Command and Persuade: Crime, Law, and the State Across History

MIT. Oct. 2021. 480p. ISBN 9780262045629. $34.95. LAW
Baldwin’s (history, UCLA; The Copyright Wars: Three Centuries of Trans-Atlantic Battle) ambitious volume traces the history of policing, imprisonment, and crime across the world, covering a span of centuries. While seemingly no topic is off-limits, the philosophy of crime and punishment takes center stage here: Baldwin explores, at length, questions about what should and shouldn’t be punished, whether punishment deters crime, the relationship between religion and law, and the role of the state versus private and community spheres in policing. Baldwin makes interesting points and offers intricately detailed examples, but he bounces quickly from one topic, era, or location to the next, with little room for transitions. While the book’s introduction and conclusion provide helpful framing, it remains difficult to take in so much content in a meaningful, cohesive way.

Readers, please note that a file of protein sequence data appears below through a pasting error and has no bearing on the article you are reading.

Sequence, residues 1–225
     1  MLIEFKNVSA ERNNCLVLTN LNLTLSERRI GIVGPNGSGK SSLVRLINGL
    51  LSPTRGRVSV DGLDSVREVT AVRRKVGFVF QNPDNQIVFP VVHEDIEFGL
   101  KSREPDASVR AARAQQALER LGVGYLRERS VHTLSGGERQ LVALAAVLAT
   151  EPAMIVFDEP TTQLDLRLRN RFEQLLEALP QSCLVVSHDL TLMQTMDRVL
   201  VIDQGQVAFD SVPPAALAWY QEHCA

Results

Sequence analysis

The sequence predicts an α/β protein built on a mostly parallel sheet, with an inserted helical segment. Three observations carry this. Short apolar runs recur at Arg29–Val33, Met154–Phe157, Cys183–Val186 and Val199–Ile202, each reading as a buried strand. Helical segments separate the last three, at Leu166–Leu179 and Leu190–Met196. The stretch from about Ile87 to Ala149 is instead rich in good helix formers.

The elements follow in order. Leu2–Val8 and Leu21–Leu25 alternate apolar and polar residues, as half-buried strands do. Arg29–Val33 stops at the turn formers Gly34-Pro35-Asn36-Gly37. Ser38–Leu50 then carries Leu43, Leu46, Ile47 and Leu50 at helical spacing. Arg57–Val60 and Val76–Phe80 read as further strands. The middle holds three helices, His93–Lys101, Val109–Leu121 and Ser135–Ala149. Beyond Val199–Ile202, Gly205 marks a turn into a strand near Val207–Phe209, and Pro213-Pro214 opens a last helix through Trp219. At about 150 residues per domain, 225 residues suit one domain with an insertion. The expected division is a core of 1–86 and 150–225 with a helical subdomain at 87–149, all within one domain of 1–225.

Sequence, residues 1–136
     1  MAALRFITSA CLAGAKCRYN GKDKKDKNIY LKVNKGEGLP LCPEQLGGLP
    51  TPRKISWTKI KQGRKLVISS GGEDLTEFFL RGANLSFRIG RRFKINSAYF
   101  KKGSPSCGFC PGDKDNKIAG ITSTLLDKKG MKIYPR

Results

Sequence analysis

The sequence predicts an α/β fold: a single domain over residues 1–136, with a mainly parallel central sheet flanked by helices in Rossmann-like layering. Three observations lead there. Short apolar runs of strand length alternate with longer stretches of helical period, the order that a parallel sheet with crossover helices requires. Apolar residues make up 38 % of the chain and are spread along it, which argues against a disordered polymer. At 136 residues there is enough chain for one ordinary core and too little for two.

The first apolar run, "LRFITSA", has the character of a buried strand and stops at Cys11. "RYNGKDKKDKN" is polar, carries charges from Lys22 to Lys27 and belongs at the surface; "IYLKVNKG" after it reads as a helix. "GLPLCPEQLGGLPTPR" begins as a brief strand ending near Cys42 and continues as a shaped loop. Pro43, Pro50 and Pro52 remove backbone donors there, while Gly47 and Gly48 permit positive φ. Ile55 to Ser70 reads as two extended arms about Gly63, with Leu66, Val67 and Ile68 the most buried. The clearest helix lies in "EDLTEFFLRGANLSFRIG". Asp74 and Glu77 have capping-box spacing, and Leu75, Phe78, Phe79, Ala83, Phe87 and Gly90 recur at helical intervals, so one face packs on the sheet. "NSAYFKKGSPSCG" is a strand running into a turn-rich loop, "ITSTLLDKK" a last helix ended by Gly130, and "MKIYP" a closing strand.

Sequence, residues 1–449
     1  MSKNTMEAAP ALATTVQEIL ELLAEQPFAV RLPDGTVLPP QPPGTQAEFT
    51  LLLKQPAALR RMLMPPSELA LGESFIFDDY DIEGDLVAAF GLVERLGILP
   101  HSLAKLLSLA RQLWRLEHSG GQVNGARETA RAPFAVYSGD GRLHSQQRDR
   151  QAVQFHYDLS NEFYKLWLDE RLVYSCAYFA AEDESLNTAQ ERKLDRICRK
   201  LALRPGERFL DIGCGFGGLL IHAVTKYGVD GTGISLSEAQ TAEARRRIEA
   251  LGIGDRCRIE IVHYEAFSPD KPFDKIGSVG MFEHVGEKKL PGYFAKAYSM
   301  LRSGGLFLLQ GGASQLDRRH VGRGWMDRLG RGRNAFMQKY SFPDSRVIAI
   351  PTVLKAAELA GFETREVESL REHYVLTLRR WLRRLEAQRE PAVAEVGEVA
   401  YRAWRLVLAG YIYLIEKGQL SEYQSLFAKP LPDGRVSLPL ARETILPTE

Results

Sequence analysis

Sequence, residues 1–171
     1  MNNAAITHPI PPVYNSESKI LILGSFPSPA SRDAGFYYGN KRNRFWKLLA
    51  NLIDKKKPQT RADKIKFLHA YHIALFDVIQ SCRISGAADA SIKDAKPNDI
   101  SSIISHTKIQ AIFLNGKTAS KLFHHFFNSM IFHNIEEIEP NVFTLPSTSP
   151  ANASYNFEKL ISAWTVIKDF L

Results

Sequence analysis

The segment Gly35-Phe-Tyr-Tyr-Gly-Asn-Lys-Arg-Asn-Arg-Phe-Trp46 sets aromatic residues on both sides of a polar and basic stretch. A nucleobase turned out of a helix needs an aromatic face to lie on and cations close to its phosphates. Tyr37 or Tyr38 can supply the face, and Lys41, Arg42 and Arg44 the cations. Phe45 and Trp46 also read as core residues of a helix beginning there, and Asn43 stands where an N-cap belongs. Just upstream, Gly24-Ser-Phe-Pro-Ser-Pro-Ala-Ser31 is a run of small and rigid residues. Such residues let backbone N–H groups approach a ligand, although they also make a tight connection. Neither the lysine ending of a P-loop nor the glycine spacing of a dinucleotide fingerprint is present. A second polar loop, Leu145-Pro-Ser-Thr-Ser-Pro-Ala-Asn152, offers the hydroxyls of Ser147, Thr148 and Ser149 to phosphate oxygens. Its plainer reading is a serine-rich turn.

VERDICT Historians, criminologists, and those with a strong academic interest in policing and criminal justice will learn a great deal from this book. Readers looking for a more casual or introductory exploration of what it means to punish crime will likely find other resources more suitable.
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